@Denise I forgot I was talking to a scientist, 😀. Most of the courses I have been involved with have had assignments that could be misinterpreted. For example, in the Mentor Training Course, you are asked to write a rude response. What someone thinks as rude someone else might think not rude enough. It can become quite subjective.

The illustration you gave of Van Gogh is excellent. If you closest friend doesn’t show you appreciation at times, but only criticisms then it would most certainly lead to depression.

In order to seek other opinions you need to be quite self assured. Many people just sadly accept the negative feedback and move on. They don’t think to ask others or research materials. It’s good to be reminded that this is always an option.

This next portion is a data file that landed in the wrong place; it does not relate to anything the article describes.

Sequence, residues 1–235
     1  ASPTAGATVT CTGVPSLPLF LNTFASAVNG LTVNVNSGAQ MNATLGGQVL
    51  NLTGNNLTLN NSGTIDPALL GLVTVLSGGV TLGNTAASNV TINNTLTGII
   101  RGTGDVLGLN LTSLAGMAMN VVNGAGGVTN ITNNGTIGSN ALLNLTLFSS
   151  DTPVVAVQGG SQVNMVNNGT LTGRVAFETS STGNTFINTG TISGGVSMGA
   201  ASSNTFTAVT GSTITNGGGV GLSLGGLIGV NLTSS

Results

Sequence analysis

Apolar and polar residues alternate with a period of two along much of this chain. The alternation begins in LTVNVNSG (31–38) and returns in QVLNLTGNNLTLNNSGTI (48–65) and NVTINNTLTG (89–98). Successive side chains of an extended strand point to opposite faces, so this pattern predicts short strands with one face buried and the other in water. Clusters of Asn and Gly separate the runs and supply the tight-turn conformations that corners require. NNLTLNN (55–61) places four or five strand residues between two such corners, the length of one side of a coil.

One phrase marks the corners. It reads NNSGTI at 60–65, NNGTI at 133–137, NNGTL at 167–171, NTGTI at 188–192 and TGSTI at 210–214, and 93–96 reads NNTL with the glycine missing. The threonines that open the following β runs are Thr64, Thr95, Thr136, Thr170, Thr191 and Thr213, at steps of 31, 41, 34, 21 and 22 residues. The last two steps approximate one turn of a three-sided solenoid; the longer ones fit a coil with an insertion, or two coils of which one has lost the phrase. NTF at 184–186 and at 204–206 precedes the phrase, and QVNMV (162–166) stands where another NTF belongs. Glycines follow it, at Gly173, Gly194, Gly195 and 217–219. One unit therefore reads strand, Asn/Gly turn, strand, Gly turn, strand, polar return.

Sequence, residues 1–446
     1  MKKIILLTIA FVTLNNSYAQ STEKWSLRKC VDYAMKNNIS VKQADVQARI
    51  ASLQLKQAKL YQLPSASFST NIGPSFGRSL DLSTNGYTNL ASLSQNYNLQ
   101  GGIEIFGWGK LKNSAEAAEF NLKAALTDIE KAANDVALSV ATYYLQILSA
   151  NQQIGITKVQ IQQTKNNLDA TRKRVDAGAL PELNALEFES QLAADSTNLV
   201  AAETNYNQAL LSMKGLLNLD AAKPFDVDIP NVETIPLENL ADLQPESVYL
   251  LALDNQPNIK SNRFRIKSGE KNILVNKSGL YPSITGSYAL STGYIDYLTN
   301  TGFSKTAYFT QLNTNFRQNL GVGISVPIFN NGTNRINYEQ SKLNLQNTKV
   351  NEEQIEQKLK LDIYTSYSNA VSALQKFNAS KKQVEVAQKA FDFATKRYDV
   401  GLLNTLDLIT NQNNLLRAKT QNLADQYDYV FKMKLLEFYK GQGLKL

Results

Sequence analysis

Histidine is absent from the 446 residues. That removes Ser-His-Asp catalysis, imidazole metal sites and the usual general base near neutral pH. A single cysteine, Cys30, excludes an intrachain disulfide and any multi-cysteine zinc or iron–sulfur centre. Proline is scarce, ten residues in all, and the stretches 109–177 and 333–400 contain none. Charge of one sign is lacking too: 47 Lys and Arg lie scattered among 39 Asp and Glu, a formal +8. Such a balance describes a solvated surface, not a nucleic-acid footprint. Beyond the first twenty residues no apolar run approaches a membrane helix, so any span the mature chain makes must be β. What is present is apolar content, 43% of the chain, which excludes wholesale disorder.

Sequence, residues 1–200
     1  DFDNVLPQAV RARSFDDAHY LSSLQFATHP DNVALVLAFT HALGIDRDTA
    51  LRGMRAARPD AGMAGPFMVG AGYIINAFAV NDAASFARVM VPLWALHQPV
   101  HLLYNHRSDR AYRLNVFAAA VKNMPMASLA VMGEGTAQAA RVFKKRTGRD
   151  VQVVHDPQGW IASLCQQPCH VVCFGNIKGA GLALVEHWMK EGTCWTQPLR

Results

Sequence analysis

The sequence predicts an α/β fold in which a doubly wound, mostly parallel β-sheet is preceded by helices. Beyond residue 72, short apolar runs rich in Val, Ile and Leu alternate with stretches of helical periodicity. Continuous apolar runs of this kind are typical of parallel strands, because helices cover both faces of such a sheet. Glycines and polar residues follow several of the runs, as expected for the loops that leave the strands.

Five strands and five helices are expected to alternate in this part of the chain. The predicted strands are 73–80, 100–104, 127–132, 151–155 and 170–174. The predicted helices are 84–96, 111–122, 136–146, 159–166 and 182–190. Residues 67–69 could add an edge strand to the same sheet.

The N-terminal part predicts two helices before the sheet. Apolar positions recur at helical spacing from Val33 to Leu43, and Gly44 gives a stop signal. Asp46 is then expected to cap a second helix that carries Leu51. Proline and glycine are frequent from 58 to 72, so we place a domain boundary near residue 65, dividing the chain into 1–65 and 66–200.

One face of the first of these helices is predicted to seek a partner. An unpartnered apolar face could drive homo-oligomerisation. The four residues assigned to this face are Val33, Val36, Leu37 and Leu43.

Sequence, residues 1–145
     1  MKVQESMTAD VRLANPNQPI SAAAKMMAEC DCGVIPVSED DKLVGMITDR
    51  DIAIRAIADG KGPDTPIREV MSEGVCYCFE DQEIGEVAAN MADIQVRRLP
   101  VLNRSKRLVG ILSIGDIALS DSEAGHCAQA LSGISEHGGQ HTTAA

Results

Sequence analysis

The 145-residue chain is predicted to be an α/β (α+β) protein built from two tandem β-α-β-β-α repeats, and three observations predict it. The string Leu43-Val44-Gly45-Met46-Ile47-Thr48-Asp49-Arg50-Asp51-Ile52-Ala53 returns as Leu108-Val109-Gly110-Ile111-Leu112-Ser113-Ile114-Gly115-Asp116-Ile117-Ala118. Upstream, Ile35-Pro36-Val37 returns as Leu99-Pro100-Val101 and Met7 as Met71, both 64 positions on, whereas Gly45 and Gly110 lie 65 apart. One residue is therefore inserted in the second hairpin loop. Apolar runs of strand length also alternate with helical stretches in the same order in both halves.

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Yes, that’s so true @Judith , certain topics can be subjective, especially with everyone coming from different backgrounds. Even scientists, doctors, other experts may not agree on everything. This is why, I think everyone should be encouraged to seek many different opinions when necessary rather than accepting just one opinion, whether negative or positive.

What may look normal to someone, may be rude to other one as it was nicely evaluated in that assignment you mentioned. In a multicultural platform like Coursera, we all need to be a lot more considered. Even the most successful people can be fragile deep down, which was also wonderfully portrayed in another movie called “Amadeus” based on Mozart’s true life story ( https://en.wikipedia.org/wiki/Amadeus_(film) ) . Despite all of his success and talent, he still cared for approval of others, particularly his father, the emperor and the emperor’s advisers. In the absence of those, he kind of went into some melancholy and he spiraled down from there...